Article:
This mechanism is ideal as it removes the need for user interaction to upload, or key in files manually, through a browser app. With the data now on S3, we then get it loaded into Redshift.

Leveraging AWS Glue & Amazon Redshift to load the data

One of Redshift’s excellent features is its Redshift Spectrum capability, which we use to make S3 files available through a simple create table statement.

With previous data sets, we manually ran those SQL-like statements to create materialized views. As such, when our pipeline transformations tool (DBT) runs, it can be agnostic as to whether the data is actually in Redshift or stored on S3 behind the scenes.

As we added more and more data sources, we started to investigate the benefits of Glue. With Glue’s crawler, we can automatically create a catalogue of data tables by scanning a set of S3 buckets.

Once set up, configuring a new data source is a few steps away. This process prompts Glue to automatically detect the schema and semantics of the data held in the bucket.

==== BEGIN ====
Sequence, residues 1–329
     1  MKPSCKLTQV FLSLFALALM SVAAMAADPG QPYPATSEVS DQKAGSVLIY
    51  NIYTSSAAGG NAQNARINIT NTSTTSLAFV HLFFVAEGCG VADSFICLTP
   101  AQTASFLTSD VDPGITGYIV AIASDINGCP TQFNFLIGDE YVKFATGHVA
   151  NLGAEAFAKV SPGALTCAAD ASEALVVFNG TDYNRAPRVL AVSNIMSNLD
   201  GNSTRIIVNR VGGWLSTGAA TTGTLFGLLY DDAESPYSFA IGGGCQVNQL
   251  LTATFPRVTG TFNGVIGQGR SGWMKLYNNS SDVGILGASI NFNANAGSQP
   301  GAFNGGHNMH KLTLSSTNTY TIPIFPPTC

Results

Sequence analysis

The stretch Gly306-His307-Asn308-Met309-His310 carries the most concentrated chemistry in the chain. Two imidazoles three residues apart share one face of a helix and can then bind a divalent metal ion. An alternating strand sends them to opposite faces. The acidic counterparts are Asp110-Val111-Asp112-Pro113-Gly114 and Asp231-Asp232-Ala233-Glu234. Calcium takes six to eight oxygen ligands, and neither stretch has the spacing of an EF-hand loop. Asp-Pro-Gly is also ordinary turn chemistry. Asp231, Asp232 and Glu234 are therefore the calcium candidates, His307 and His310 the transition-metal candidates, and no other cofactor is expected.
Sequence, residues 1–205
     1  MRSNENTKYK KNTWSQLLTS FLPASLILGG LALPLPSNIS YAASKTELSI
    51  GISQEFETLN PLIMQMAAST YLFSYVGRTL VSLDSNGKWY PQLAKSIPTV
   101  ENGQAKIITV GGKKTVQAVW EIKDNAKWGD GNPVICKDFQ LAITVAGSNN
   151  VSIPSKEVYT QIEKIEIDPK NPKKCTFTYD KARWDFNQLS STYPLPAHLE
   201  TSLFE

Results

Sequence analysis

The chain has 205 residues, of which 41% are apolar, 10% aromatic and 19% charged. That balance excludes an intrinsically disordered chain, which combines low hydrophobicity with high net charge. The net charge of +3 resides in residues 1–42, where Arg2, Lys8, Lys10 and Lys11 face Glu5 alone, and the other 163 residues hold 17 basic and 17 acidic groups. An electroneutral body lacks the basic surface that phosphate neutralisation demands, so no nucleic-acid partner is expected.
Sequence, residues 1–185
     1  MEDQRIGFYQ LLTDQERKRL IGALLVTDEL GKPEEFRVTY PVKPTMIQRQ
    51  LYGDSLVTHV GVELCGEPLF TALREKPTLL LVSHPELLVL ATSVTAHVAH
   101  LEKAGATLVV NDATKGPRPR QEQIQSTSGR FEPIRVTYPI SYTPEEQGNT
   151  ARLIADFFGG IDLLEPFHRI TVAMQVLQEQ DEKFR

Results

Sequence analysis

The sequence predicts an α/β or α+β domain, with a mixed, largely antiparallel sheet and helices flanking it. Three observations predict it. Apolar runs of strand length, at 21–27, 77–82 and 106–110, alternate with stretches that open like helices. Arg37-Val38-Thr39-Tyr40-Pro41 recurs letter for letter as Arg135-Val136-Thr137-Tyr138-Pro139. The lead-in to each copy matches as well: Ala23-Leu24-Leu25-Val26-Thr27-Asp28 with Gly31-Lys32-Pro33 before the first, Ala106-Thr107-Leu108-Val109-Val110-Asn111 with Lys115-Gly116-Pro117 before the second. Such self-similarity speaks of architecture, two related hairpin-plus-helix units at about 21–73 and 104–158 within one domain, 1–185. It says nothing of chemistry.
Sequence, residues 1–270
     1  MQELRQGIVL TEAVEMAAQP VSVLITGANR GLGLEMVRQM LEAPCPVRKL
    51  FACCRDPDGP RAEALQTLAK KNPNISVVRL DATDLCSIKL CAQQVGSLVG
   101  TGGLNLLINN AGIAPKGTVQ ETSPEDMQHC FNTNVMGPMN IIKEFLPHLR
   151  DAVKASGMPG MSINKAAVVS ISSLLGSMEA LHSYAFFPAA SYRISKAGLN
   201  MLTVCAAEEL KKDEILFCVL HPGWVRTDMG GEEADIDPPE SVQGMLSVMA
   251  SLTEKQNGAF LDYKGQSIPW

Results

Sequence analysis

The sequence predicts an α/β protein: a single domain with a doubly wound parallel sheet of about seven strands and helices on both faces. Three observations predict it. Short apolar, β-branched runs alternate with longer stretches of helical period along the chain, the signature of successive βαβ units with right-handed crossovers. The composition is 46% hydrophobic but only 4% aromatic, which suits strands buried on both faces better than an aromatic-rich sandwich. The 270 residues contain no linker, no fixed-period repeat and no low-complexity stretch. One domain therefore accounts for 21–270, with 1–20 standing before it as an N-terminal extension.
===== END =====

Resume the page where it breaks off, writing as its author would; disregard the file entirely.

As an aside, since Redshift Spectrum charges “per byte scanned,” a columnar storage format allows us to optimize both cost and performance. During a hackathon, we experimented and measured some of the promised cost savings and performance boosts and configured our bigger data sets to use the Parquet format. By using the “bytes scanned” metrics within Redshift, we were able to estimate a 30x cost reduction on some of our data sources. This is because we read a fraction of the CSV file for each query now. Performance-wise between, we ran a small set of benchmarks on our data and observed roughly 3-5x performance boost.

When running the crawler, it will turn any insights about your data (for example, columns, relevant column order in CSV files) into a table in the Glue data catalogue. With Glue configured to surface these tables into Redshift as Spectrum tables, we can then use the data. In other words:

Step 1 – Create a bucket and configure in Glue and upload some data

Step 2 – Wait for tables to appear in Redshift automatically

Step 3 – Write a SQL query to transform the incoming data into the required fact table using DBT

All in all, to provide our data to our end users takes somewhere between 2-4 hours!

The revised diagram below shows the new SFTP-based files arriving into our data pipeline.

Diagram depicting landbay's updated data pipeline architecture

One of the reports we produced